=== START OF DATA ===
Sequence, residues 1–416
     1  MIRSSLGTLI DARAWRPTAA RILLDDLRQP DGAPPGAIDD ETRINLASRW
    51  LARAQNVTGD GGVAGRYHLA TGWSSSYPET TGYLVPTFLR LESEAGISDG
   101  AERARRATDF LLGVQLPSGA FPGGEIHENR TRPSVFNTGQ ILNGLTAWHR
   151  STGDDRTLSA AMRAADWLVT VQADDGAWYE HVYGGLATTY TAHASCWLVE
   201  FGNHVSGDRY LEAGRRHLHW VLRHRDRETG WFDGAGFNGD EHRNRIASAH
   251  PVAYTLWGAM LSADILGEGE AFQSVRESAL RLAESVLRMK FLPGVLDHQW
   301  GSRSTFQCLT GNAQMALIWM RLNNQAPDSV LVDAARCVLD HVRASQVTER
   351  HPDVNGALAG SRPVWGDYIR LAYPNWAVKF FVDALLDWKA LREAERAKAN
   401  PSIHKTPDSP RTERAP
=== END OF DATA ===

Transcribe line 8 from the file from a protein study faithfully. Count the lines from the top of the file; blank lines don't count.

   301  GSRSTFQCLT GNAQMALIWM RLNNQAPDSV LVDAARCVLD HVRASQVTER